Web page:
Many people feel like sex without a condom is more intimate and a sign of trust. The decision to remove a condom as a relationship progresses can be a very good thing, but not before the two of you get an HIV test together. Remember, more than half of young people living with HIV do not know that they are HIV-positive.
You can get or transmit HIV only through specific activities. Most commonly, people get or transmit HIV through sexual behaviors and needle or syringe use. Only certain body fluids—blood, semen, pre-seminal fluid, rectal fluids, vaginal fluids, and breast milk—from a person who has HIV can transmit HIV.
Because you’re HIV-positive, you can give the virus to others, even if you don’t feel sick. This can happen through unprotected sex or by sharing needles. You can protect others by using condoms and clean needles. By doing this, you can also protect yourself from other strains of HIV…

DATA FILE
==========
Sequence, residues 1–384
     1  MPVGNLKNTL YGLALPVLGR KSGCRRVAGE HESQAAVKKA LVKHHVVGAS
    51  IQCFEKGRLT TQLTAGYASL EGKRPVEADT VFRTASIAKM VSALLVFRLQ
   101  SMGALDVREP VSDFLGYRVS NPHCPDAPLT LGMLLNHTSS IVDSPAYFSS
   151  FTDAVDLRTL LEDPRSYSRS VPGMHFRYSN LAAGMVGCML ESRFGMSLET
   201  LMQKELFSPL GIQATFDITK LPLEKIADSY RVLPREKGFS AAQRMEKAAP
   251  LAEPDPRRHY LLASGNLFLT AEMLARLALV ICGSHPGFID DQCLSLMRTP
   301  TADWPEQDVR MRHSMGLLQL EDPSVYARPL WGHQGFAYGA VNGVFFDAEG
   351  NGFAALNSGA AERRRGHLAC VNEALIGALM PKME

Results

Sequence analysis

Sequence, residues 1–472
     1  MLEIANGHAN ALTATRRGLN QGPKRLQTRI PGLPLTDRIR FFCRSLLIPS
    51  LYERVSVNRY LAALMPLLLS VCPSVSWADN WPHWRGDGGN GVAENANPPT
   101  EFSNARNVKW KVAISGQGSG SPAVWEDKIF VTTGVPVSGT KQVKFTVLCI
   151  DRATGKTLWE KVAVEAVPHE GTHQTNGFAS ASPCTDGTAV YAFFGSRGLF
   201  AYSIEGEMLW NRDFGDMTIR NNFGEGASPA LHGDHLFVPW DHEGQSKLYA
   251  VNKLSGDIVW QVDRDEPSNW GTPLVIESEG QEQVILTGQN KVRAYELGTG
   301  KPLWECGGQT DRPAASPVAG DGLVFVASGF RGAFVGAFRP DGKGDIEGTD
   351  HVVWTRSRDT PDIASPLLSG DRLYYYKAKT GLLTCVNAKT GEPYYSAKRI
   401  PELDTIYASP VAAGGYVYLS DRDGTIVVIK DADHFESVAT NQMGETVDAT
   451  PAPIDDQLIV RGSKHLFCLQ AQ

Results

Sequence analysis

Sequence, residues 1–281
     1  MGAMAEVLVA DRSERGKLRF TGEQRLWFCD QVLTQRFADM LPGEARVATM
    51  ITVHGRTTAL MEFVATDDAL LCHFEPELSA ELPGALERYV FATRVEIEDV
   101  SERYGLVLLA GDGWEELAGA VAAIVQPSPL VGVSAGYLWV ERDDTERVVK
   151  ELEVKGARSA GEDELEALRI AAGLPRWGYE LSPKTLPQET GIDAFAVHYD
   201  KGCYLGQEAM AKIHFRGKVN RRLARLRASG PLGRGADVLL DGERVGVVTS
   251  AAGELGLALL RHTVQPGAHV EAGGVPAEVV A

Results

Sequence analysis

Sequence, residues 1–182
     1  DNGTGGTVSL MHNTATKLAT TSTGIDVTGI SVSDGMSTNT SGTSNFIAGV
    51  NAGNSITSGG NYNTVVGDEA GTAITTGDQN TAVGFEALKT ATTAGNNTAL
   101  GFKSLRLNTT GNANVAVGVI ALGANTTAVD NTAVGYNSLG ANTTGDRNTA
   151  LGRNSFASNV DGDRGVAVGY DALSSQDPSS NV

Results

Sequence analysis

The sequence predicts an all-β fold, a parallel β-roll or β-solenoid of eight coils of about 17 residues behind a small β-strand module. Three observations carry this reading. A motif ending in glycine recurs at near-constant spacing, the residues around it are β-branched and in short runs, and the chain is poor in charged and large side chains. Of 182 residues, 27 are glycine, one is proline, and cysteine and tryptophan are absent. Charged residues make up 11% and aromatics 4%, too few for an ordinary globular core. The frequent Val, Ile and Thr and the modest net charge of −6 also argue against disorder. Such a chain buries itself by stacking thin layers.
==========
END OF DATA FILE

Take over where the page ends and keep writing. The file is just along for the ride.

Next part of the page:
For the HIV-negative partner, receptive anal sex (bottoming) is the highest-risk sexual behavior, but you can also get HIV from insertive anal sex (topping). Either partner can get HIV through vaginal sex, though it is less risky for getting HIV than receptive anal sex.
To get infected, these bodily fluids need to get into your blood through a mucous membrane (for example the lining of the vagina, rectum, the opening of the penis, or the mouth), breaks in the skin (like cuts), or be injected directly into your bloodstream. Other bodily fluids, like saliva, sweat or urine,
Jan 18, 2019 · Key Points. The first step after testing HIV positive is to see a health care provider, even if you don’t feel sick. Prompt medical care and treatment with HIV medicines as soon as possible is the best way to stay healthy. People with HIV should start taking HIV medicines as soon as possible.